Preserving Mattison Hollow (August 12, 2016)
The Taconic Hiking Club (THC) and Adirondack Mountain Club (ADK) are partnering to preserve Mattison Hollow from a logging operation planned by the NYS Department of Environmental Conservation (DEC).
One of the most beautiful sections in the entire Taconic Crest Trail (TCT) system, Mattison Hollow is a pristine area with high recreational, historical and ecological value. It possesses unique features that need to be protected from the ravages of a massive logging operation:
The trail offers a wilderness hiking experience within an hour drive of Albany. Hikers can use it to access the TCT or enjoy it as a destination in its own right.
Crystal clear Kronk Brook is the only significant water source for TCT backpackers. Notable for its beautiful waterfalls, the brook also represents a potential source for local residents if more wells become polluted from industrial waste.
Water purity is maintained by significant stand of hemlocks, which shade the stream and protect it from erosion. It is possible that this old-growth hemlock stock may be saved from the wooley algid disease and used to propagate replacement hemlocks for those areas devastated by the disease.
Historic sites in the area include remnants of the old inclined railroad and charcoal kilns used in the 1870 and 1880s, and the foundation of a former farmstead, “Collins Lot.” Reference: page 114 of “Natural Areas of Rensselaer County”, Second Edition, 2002, Environmental Clearinghouse of Schenectady.
The increasing popularity of this trail is an economic benefit to businesses such as the nearby Stewart’s convenience store and local cafés.
Volunteers have spent countless hours of work maintain this trail.
On August 3, 2016, a group of us met with Rob Messenger, DEC’s Chief of the Bureau of State Land Management. Our group included Neil Woodworth, ADK Executive Director; Martha Waldman, THC President; and four other ADK and THC representatives. The meeting was arranged so we could walk the trail with Rob and express our concerns regarding DEC’s plans to log 600 acres of the 1200 acre hollow.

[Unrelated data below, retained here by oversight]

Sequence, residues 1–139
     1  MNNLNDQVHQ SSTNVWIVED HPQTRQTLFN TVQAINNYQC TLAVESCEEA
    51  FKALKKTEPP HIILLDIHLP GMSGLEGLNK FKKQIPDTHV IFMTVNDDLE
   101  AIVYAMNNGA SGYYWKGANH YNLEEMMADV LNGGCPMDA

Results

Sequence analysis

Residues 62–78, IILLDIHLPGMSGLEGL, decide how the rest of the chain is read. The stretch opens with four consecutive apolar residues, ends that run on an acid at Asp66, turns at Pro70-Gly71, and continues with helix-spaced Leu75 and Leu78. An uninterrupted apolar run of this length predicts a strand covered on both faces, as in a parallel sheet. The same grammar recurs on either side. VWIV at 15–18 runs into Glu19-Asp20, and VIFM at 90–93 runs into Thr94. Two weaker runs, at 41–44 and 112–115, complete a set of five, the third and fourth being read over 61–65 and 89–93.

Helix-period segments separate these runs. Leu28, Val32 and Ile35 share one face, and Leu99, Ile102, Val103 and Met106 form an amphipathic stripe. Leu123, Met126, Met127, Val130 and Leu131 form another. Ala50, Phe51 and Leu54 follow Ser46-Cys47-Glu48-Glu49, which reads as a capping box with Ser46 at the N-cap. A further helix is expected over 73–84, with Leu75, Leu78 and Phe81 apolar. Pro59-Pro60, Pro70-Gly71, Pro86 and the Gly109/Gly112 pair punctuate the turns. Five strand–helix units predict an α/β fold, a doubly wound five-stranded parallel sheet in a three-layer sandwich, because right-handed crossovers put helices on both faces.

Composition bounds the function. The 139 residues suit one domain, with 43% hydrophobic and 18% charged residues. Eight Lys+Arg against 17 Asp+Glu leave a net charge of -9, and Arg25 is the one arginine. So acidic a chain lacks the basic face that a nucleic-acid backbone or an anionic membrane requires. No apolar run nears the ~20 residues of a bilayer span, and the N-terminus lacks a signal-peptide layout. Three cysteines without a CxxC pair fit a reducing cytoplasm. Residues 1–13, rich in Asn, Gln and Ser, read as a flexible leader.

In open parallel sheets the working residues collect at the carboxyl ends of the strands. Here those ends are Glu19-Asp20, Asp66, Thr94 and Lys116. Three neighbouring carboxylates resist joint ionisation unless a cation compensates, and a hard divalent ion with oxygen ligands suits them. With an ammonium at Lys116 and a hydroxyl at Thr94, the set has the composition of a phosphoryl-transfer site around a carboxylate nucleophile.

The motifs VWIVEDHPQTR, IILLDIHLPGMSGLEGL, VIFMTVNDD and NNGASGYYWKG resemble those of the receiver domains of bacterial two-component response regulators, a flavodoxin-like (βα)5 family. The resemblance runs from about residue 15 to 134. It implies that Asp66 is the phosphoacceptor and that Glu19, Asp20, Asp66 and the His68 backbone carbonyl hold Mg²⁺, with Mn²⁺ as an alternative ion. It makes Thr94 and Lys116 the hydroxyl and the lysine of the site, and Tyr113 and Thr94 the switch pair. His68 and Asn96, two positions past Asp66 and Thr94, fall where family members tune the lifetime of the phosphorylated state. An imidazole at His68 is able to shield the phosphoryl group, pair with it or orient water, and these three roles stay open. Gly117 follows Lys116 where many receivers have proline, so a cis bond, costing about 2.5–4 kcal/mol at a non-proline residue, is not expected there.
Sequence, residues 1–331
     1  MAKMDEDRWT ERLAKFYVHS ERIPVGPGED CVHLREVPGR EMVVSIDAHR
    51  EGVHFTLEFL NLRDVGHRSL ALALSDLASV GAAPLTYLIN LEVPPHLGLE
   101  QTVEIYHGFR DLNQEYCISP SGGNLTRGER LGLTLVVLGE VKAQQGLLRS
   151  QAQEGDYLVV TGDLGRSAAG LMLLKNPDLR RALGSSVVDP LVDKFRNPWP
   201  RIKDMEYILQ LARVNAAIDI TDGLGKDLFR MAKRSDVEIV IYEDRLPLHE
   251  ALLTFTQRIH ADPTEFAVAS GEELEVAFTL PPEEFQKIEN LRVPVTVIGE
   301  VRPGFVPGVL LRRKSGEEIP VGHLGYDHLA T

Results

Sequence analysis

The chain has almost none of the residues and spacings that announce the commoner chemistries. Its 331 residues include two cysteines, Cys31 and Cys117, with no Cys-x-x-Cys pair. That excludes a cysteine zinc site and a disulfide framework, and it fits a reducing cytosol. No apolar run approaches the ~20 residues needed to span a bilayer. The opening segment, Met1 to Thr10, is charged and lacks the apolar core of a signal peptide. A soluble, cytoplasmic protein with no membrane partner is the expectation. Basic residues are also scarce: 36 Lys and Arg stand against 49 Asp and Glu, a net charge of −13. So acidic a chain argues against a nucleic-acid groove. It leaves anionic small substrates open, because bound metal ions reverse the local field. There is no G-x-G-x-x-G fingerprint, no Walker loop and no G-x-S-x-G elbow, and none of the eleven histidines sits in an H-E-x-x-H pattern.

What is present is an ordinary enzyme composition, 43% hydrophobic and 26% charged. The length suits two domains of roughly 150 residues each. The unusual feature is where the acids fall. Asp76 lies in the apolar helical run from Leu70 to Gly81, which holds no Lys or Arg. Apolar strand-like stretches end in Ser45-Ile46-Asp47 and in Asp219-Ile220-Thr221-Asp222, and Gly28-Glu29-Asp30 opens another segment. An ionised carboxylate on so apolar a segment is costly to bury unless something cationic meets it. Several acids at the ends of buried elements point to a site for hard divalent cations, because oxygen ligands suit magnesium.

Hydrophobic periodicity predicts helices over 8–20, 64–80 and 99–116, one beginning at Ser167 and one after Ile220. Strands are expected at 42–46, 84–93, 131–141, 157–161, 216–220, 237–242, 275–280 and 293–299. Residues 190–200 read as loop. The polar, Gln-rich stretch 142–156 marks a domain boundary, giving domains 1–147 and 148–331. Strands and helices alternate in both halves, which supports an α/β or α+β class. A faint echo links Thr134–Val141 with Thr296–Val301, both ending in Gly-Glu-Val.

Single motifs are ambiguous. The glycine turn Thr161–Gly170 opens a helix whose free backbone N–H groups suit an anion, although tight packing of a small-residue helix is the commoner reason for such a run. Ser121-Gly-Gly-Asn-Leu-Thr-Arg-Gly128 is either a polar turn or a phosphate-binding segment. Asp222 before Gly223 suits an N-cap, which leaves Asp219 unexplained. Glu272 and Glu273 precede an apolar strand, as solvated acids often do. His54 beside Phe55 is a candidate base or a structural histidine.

Rob explained that the purpose of the logging is to harvest oak and white pine timber on the steep bank above the trail. In order to do this, DEC intends to convert part of the trail into a road suitable for heavy trucks. It would run from the existing trailhead on Mattison Hollow Road to a large landing area approximately ¼ mile up the trail. This would mean the destruction of old-growth hemlocks and other trees and a massive excavation of the upper side of the ravine. Skidders would be used on the trail beyond the landing.
We pointed out that, without the protection of the hemlocks, the Kronk Brook would suffer irreparable damage from erosion and silting. Moreover, reforestation is highly questionable due to the overgrazing of deer and large areas of fern, which would prevent new tree growth. This project would benefit neither hikers nor the local community.
DEC’s rationale for choosing this site is that, since the trail was originally an old logging road, they seem to feel they are somehow returning the trail to a prior use. We feel that nothing could be further from the truth. The horse and ox teams of past logging bear little resemblance to the massive vehicles necessary for the DEC plan.
We believe that a State Environmental Quality Review is needed to fully reveal and understand the negative consequences of a logging operation in this area.
DEC is not required to specifically log in Mattison Hollow. We feel there are other state forests within Region 4 that could be logged instead of Mattison Hollow.
We will continue to work towards preserving Mattison Hollow, and we will reach out to our membership for help when needed. Contactmartha829r@aol.com if you would like to help or if you have any questions or concerns.
UPDATE, September 2016: DEC has promised to not to issue any requests for bids for timber sales on the Mattison Hollow parcel until a decision has been made whether or not to conduct any logging at all on the Mattison Hollow tract as they develop a Unit Management Plan for the Taconic Ridge State Forest Complex. The draft Unit Management Plan must be published and open for public comment before it becomes final. We will continue to monitor this.
UPDATE, May 22, 2017: DEC is still working on the Unit Management Plan. We are continuing to monitor this to ensure logging is never allowed in Mattison Hollow.
UPDATE, August 27, 2017: Same as previous update.
UPDATE, November 29, 2017: Same as previous updates.